City of Los Angeles Mills Act Program | Los Angeles Conservancy
Eastern Columbia Lofts in DTLA, a Mills Act recipient. Photo by Adrian Scott Fine/L.A. Conservancy

City of Los Angeles Mills Act Program

UPDATE: Tune in to the Cultural Heritage Commission on December 1 at 10:00 a.m. for an update and presentation by the Office of Historic Resources about the City’s Mills Act Program, and a status update on proposed amendments. Learn more about L.A.’s Mills Act Program and the Conservancy's position below.    


On September 15, 2022, the Conservancy submitted comments to the City of Los Angeles for their City's Mills Act Program Assessment and Equity Analysis (Assessment). To learn more about our statement click the "Our Position" tab and read our full comment letter

The City has initiated the process to assess the Assessment's recommendations and determine which ones might move forward through a formal amendment to the Mills Act program.

We strongly encourage all interested parties to submit your feedback and thoughts directly to the City as they determine which recommendations to move forward when the Mills Act program is reactivated in the near future. 


The Mills Act program is one of the most powerful historic preservation incentives for property owners. Enabled by state legislation in 1972 and adopted by the City of Los Angeles in 1996, the Mills Act offers a property tax abatement through a revolving 10-year contract between the City and the property owner, with automatic renewal each year. These contracts are transferred to new ownership when the property is sold. Since 2020, the City has not accepted new contracts while the program was assessed.

Today, combined Mills Act property owners in Los Angeles save over $20M in taxes. These savings are meant to be reinvested into rehabilitating and maintaining historic properties.

Due to the success of the program, the total number of contracts has expanded beyond the capacity of City staff to properly administer the program. In 2020, Los Angeles City Planning contracted with historic preservation consultant Chattel, Inc. and sub-consultant AECOM to conduct a comprehensive assessment to evaluate the program and provide recommendations for future viability. The assessment analyzes staffing requirements, revenue streams to support the program, and the allocation of property tax savings among existing contracts to inform a more equitable distribution of program participation across the City.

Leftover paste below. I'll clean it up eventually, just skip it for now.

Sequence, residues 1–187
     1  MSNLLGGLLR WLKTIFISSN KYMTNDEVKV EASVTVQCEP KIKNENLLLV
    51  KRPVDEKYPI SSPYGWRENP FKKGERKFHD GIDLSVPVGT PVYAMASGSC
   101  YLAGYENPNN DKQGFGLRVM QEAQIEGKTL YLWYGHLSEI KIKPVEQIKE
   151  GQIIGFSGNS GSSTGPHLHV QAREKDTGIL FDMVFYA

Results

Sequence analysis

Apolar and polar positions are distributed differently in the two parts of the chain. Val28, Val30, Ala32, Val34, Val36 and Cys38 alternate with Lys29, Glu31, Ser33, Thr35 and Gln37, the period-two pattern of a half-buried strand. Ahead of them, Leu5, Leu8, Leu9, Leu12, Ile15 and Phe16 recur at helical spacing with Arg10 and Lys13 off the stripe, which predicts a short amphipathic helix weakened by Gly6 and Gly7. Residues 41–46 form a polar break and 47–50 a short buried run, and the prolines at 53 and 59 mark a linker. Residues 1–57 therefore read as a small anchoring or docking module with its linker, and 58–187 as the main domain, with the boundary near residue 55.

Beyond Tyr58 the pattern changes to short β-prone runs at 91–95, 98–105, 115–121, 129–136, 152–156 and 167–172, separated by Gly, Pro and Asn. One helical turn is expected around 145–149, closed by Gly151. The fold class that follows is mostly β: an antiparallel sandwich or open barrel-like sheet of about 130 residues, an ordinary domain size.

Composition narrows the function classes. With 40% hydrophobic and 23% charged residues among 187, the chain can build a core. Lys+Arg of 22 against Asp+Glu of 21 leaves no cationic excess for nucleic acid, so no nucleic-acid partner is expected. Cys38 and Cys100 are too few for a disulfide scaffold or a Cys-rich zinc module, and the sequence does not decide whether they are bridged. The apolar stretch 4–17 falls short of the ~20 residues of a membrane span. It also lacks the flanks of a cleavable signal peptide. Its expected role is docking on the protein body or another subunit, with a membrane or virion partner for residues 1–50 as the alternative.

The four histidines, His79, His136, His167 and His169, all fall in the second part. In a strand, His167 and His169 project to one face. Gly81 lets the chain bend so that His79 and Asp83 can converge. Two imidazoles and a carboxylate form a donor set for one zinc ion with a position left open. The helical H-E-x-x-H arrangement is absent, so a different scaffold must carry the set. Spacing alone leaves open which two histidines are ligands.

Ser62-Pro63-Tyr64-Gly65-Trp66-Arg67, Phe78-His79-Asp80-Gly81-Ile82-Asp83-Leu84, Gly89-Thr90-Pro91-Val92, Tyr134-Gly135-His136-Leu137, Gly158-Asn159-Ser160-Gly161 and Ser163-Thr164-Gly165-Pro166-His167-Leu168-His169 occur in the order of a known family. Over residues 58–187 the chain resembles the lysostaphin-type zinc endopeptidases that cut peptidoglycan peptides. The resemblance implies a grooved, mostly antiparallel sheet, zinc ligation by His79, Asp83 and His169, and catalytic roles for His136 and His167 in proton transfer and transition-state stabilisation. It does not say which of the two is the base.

The assessment found that current funding is insufficient to effectively manage the number of contracts and to bring the program into complete compliance with state law. To date, the City has completed approximately only 25 percent of the inspections required annually, leaving many historic properties at risk of undergoing unpermitted alterations. Currently, the City only employs two staff, who dedicate less than half their time to the program due to other responsibilities.

A key component of the assessment looked at the program’s equity to better understand which communities have benefitted the most and least. The largest number of contracts -- 71 percent or 659 properties -- are for single-family properties located in communities facing “low barriers to opportunity.” Despite the size, only 25% of savings went to these properties. The bulk of Mills Act savings went to multi-family and commercial properties. The assessment concluded that contracts are disproportionately benefitting property owners in communities with lower barriers to opportunity with 83 percent of savings going to these communities.

Recommendations:

Through the assessment a number of recommendations were provided for program sustainability and program equity. These are broken down into goals and strategies for each. Some of the most notable recommendations include the following.

Program Sustainability

  • Expanding staffing